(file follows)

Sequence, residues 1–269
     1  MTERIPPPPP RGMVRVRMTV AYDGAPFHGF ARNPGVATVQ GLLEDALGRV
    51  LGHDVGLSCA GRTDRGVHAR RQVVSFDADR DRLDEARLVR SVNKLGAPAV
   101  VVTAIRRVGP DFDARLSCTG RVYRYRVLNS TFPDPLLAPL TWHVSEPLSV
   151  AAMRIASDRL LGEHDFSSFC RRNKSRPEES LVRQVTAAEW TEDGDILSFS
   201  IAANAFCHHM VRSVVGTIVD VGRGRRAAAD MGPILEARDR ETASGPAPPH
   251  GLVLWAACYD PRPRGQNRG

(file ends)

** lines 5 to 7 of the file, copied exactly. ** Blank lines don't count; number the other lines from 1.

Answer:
   151  AAMRIASDRL LGEHDFSSFC RRNKSRPEES LVRQVTAAEW TEDGDILSFS
   201  IAANAFCHHM VRSVVGTIVD VGRGRRAAAD MGPILEARDR ETASGPAPPH
   251  GLVLWAACYD PRPRGQNRG